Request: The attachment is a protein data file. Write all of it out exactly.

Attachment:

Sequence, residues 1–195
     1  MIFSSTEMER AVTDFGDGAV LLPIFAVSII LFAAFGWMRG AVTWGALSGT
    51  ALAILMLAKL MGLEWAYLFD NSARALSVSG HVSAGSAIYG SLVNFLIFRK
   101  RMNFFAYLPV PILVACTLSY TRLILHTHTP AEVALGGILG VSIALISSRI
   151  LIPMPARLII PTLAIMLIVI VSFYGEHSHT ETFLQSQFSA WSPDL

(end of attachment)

Sequence, residues 1–195
     1  MIFSSTEMER AVTDFGDGAV LLPIFAVSII LFAAFGWMRG AVTWGALSGT
    51  ALAILMLAKL MGLEWAYLFD NSARALSVSG HVSAGSAIYG SLVNFLIFRK
   101  RMNFFAYLPV PILVACTLSY TRLILHTHTP AEVALGGILG VSIALISSRI
   151  LIPMPARLII PTLAIMLIVI VSFYGEHSHT ETFLQSQFSA WSPDL